While some doctoral candidates might not have received the message about the appeal of small schools, students clearly have. Small schools tend to draw local students who don’t want to travel far from home, working professionals who live nearby, and students who simply appreciate the advantages of a safe, comfortable environment where the staff is eager to pay them close attention.
Small schools also offer an option for students who want a good education even if they weren’t the best performers in their high schools. “While we do get some top students here, our bread-and-butter students are in the middle range—the top third or half in their classes,” says Grider. “About 60 percent are first-generation college students.”
Many small-school students are also older, working students who are earning their degrees at night. “Sixty-five percent of our classes are offered in the evening because our students work full-time,” says Franklin. At UTPB, many are also transient, oil company workers who have been transferred to the region from somewhere else, and who may have taken classes already at some other university.
Even small schools that cater primarily to traditional-aged, first-time students often make efforts to reach out to working professionals. For instance, West Liberty State College in West Virginia offers an accelerated business program on Saturdays at two off-campus locations. The degree can be earned in two years if students have some general college background, says Elizabeth A. Robinson, interim dean of the School of Business Administration.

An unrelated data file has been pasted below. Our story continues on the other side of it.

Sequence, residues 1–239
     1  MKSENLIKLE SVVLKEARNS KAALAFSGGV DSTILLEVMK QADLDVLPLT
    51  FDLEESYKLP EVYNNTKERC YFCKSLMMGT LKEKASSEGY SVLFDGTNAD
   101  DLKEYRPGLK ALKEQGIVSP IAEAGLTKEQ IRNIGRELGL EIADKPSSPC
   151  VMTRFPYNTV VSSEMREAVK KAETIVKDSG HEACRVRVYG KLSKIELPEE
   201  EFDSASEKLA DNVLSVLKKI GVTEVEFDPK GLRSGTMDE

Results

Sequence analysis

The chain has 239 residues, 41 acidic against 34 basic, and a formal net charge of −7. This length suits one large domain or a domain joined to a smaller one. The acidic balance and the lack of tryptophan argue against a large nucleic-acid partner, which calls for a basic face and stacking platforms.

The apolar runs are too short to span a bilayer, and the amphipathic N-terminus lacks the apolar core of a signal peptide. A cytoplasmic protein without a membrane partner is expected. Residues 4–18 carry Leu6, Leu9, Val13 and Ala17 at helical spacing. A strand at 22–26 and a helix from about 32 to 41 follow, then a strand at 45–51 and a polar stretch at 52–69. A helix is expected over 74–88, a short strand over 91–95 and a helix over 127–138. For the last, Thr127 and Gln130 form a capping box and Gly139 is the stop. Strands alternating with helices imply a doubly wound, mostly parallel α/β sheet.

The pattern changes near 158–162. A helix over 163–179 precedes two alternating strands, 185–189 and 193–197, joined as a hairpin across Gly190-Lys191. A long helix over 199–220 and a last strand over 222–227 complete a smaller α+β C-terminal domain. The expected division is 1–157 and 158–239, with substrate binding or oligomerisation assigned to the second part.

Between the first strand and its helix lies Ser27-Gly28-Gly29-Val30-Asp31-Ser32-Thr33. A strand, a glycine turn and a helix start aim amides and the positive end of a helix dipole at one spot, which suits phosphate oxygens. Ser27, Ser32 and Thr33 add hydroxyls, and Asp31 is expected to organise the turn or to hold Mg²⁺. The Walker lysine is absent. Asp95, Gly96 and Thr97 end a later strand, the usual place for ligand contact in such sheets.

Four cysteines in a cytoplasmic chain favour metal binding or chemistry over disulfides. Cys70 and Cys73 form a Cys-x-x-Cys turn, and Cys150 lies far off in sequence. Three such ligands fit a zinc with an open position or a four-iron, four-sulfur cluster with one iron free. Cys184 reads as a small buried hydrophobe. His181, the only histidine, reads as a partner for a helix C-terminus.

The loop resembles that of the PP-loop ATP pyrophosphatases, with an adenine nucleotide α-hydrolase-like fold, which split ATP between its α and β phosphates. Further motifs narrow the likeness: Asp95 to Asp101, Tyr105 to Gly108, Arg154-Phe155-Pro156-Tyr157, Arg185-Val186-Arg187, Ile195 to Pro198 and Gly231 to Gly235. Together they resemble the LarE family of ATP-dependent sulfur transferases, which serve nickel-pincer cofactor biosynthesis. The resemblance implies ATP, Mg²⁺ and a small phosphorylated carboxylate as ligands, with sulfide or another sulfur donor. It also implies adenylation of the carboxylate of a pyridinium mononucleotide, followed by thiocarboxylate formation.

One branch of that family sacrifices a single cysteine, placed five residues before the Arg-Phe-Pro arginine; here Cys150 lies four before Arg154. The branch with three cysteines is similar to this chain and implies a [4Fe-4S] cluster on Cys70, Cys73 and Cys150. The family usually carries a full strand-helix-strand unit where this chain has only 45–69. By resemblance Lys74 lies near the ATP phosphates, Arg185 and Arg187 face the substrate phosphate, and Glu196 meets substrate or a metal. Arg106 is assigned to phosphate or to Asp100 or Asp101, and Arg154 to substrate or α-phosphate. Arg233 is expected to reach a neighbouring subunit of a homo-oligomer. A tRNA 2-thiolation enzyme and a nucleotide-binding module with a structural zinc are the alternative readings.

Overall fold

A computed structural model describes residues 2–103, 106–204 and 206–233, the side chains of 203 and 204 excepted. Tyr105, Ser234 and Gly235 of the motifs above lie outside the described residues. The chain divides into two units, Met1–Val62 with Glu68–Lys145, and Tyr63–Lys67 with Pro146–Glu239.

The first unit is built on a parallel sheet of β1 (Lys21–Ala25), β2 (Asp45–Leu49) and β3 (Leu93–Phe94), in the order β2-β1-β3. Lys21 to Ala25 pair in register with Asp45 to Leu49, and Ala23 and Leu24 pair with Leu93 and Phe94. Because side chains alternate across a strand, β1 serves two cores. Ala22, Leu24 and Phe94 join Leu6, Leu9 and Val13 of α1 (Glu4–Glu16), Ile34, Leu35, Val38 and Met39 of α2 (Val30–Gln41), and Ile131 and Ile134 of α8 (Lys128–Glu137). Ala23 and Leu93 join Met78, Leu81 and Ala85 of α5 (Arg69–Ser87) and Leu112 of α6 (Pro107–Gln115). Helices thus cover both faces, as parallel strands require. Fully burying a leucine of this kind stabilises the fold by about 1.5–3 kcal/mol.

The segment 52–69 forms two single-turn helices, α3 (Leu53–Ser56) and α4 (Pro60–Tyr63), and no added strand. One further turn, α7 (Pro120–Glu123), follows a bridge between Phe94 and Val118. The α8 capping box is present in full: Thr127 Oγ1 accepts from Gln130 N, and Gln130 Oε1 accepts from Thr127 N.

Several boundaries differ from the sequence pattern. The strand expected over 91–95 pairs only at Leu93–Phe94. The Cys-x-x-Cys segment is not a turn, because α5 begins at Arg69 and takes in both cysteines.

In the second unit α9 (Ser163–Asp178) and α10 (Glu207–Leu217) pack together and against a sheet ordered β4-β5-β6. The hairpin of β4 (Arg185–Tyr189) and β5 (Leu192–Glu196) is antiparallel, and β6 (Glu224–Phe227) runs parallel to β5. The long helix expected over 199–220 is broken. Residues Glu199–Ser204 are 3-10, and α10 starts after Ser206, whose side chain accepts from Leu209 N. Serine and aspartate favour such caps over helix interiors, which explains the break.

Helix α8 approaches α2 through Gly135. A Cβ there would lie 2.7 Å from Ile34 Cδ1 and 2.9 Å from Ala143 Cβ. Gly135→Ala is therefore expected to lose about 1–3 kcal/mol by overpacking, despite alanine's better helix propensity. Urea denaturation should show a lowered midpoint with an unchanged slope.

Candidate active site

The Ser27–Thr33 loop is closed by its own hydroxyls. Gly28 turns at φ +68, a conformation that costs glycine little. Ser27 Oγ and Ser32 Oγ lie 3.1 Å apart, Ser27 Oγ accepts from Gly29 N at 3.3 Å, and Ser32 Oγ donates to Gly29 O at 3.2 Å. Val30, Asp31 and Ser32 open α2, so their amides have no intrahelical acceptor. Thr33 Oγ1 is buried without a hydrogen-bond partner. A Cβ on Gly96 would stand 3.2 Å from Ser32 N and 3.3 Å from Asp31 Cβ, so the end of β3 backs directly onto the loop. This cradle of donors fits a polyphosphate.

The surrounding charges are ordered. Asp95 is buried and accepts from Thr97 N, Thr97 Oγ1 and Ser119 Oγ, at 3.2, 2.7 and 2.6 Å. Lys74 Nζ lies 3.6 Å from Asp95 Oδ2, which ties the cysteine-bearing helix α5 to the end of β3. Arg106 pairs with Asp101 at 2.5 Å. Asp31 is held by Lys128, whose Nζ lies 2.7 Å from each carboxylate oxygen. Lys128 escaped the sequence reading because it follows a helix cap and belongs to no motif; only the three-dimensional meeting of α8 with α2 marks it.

The School of Business at Indiana University in Kokomo also courts working professionals by offering flexibility in coursework. Dean Niranjan Pati believes some students choose to attend Kokomo instead of nearby universities because Kokomo’s program, which is offered primarily in the evening, is not lockstep. Kokomo also will accommodate students who want to finish their degrees in a year. Pati believes this ability to tailor the course to the student is another advantage that small schools can offer over larger institutions.
Finding a Niche
The makeup of the student body, as well as the resources available, dictate what kinds of programs these schools can offer. Some small schools focus on perfecting a single program, while others seek out partnerships within their larger school systems or with other schools that allow them to offer multiple degree programs to their students. Lander, for instance, offers only undergraduate programs, which Grider considers a real boon. “Because we only have to focus on one degree program, we can concentrate on doing that and doing it well,” he says.
West Liberty State College also offers only an undergraduate degree, with 11 specializations. However, in the future the school may collaborate with another institution to offer master’s degrees, as other schools within the college have done. UTPB also knows the benefits of collaboration, though mainly within the University of Texas system. While UTPB offers arange of its own degrees—a BBA with four majors, one MBA, and a master’s of professional accountancy—it also participates in the statewide MBA Online program. For that, eight schools in the UT system contribute two courses each to a 48- hour online MBA. “Students have to apply to a specific campus and they get a degree from that campus,” says Franklin.
The picture is considerably different at the University of Stellenbosch, where 50 percent of the full-time student body is international, coming mostly from Europe and Africa. Evening programs are attractive to local attendees, but a variety of other program structures, some offered in English and some in Afrikaans, ensure that the school has something to offer all potential students. About 700 post-grad students can enroll in four different MBA programs, and approximately 3,000 students participate annually in executive development programs.